Massive Late Summer 2018 MOMO Update
Alright, you better grab yourself a tall cup o’ java or tea as this is going to be the most massive momo update of this year. And a rather tumultuous one it has been thus far, as it was literally plastered with nasty bear and bull traps. I personally think I’ve done a reasonable job of steering you guys through it, and aim to now bestow you with sufficient technical context to allow you all to greatly prosper in the final, most bullish, season of the year.
Let’s start with a new addition to our collection of momo charts: a long term perspective on the VIX which shows us an intriguing pattern of IV spikes followed by a falling triangle pattern. The extent of the triangle compressions over the past decade or so has been unpredictable.
But what we can clearly glean from this chart is the fact that IV seems to be compressing like a coil over long periods after large outliers, i.e. moves far exceeding the 2.0 standard deviation. So where are we right now?
From what I can gather we are in a quickly compressing range which suggests that a wave of fear triggered in early 2018 is quickly dissipating. But quite frankly it’s a bit early to say as we have not seen any decent medium outliers over the past year.
Now hold on a second. By any definition this has been a rough year for equity traders. I’m not just talking about long term realized volatility (RV) which clearly jumped causing trigger waves throughout the first half of the year. Why would implied volatility (IV) then revert back to lower levels in the 2nd half?
This is not a question I can answer to be honest and my sole explanation is that perhaps that rapidly improving economic conditions are having a strong impact on risk perception in equities.
The vanilla VIX chart shows us the series of VIX Buy Signals and pseudo signals (i.e. the ones which didn’t satisfy all three pre-conditions). As this one is more short term you can also observe how the range continues to compress after the large outlier in February which triggered/reset the new falling triangle pattern.
In your mind you can superimpose this BB on the long term VIX chart above and in combination those two charts make for some very profitable bottom (and to some extent top) fishing.
Here’s a view at the inverted VIX:VXV ratio, a.k.a. the Implied Volatility Term Structure (IVTS). This is actually one of the most bullish long term momo charts in my arsenal at the current time. We got a textbook buy signal in August and until we drop through the lower BB again we seem to conclude what looks to me like a late summer correction.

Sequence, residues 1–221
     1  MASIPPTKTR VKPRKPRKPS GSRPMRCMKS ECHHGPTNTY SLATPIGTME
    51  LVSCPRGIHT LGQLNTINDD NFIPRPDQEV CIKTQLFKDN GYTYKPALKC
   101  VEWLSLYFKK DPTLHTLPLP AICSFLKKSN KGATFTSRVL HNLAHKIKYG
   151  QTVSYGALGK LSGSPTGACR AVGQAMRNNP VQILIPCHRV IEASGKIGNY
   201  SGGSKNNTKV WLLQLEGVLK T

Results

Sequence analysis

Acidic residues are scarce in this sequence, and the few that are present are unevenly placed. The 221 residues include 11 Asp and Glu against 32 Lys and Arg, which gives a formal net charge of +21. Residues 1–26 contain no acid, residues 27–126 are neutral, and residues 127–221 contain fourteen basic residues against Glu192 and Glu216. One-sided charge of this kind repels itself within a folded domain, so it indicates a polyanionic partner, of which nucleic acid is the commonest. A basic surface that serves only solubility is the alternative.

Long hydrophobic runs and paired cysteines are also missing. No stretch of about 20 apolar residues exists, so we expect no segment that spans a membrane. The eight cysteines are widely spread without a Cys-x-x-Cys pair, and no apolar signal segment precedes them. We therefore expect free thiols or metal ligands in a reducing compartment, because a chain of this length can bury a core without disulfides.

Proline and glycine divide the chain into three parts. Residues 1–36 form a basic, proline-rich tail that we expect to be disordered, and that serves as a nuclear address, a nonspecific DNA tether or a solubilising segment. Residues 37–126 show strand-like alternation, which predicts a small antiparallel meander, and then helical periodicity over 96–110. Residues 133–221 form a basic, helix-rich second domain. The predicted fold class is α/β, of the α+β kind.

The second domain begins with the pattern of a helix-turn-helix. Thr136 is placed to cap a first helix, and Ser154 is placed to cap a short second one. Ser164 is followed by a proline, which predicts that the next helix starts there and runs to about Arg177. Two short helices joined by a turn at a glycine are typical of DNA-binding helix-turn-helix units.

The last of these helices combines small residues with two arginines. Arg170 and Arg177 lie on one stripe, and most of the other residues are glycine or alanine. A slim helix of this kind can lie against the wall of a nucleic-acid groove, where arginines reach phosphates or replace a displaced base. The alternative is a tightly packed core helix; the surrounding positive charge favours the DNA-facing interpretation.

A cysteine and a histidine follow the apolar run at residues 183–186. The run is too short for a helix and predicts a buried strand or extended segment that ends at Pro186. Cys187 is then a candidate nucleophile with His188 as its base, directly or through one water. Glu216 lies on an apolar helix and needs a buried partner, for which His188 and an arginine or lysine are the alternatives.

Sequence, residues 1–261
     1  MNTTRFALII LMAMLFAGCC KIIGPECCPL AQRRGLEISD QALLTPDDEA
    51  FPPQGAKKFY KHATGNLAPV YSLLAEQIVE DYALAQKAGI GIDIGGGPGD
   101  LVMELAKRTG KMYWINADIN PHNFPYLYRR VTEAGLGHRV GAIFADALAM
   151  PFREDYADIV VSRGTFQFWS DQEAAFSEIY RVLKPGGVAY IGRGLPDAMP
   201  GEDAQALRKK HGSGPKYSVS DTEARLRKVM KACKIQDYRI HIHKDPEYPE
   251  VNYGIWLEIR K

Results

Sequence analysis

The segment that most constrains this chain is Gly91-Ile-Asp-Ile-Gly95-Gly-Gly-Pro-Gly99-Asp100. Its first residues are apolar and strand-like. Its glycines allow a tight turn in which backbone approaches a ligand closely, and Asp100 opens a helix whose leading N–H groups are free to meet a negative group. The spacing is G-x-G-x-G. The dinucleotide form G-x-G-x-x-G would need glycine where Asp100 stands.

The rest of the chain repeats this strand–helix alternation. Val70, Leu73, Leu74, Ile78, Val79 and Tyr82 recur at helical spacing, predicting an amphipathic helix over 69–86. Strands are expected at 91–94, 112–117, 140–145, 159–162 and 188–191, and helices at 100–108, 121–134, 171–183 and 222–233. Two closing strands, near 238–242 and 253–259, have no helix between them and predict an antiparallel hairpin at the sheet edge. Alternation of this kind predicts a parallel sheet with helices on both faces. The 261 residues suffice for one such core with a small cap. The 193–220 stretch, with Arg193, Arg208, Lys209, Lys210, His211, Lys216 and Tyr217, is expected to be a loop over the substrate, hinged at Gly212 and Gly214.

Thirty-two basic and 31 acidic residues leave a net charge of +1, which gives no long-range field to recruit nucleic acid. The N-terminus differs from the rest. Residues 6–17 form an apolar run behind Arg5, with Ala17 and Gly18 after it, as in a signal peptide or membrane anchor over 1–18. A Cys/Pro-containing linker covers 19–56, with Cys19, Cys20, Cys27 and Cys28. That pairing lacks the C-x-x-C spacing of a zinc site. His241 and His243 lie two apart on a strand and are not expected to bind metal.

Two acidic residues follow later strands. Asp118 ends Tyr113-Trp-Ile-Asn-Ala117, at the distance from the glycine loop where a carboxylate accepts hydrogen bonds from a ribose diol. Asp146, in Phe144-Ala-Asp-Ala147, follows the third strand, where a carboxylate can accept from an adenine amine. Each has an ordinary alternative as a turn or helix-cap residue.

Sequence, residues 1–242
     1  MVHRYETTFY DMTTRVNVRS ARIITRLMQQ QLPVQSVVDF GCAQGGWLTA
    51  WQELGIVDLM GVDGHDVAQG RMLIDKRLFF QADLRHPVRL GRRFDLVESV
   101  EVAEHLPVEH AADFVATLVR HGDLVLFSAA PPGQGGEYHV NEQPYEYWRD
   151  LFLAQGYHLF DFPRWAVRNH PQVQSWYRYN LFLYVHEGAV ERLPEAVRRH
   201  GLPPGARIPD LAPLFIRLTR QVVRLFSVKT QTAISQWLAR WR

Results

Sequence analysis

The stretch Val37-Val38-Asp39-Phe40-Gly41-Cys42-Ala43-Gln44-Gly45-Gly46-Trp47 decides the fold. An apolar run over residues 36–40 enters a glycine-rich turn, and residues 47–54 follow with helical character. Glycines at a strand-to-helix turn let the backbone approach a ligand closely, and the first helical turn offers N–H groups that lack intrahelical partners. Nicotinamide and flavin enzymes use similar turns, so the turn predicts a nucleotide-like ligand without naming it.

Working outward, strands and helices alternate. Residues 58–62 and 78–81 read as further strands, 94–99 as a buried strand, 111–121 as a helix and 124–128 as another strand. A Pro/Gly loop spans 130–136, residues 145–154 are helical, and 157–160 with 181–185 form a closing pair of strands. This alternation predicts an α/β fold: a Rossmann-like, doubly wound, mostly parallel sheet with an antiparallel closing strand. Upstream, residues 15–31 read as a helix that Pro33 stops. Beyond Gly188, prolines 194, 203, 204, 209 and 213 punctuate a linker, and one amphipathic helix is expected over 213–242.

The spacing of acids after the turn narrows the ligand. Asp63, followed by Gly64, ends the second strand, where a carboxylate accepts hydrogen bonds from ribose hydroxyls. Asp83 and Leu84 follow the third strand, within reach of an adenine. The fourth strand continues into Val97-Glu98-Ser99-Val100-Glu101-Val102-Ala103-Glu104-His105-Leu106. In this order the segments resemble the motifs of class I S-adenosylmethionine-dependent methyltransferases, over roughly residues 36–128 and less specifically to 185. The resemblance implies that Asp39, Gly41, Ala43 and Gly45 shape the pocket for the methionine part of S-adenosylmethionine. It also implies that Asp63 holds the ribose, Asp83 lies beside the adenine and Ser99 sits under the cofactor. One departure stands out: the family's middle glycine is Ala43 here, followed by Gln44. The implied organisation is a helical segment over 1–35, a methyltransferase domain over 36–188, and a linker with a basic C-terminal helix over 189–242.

Over the past few years the SKEW:VIX ratio has been our go-to chart for catching long reversals. As mentioned on the chart bottoms seem to be easier to predict than tops. Which however seems to be changing slowly from what I can gather.
The current reading has us in a correction similar to what we saw on the IVTS chart and it should be noted that we are quite far away from anything resembling a buy signal. That does not mean we are destined to correct lower of course but if the bears can stage a take down then IV conditions would be amenable.
SKEW:VXV is a more long term perspective obviously but equally fascinating. IMO it’s doing a better job at signaling short reversals, the problem is that the magnitude of corrections can never be predicted. Which again should be expected in a bull market.
The last short signal was issued in late July and as you can see it was good for a series of small corrections. That’s a pattern we have observed several times in the pst few years, once again showing us the vehemence of the ongoing bull market.
Let’s wrap up the IV charts with the long term view on the vanilla SKEW which also seems to follow a well established trend. But in this case it’s a rising one. If you contrast this chart with the falling channel on the long term VIX in the panel below then that’s a rather compelling perspective, wouldn’t you say?
Namely whereas the VIX range continues to contract the range channel of the SKEW continues to rise. I’ve said for a long time that the SKEW on its own is pretty useless, but I don’t really think that’s the CBOE’s fault.
It seems to me that investor sentiment is somewhat affected by cognitive dissonance in that short term bullish perception is not fully supported by that of medium to long term catastrophic failure, i.e. the anticipation of six sigma events.
In other words the longer bullish conditions prevail the more market participants appear to fear the potential of completely unpredictable events. Maybe I shouldn’t call it cognitive dissonance but just outright wrong as six sigma events can happen at any time in any market condition. But at any rate the SKEW tells us more about the perception of market participants than that of actual tail risk.
Well, we just barely scraped the surface as we have 14 more charts to go. If you’re not a subscriber then this is probably a good reason to remedy that unfortunate situation by joining up!
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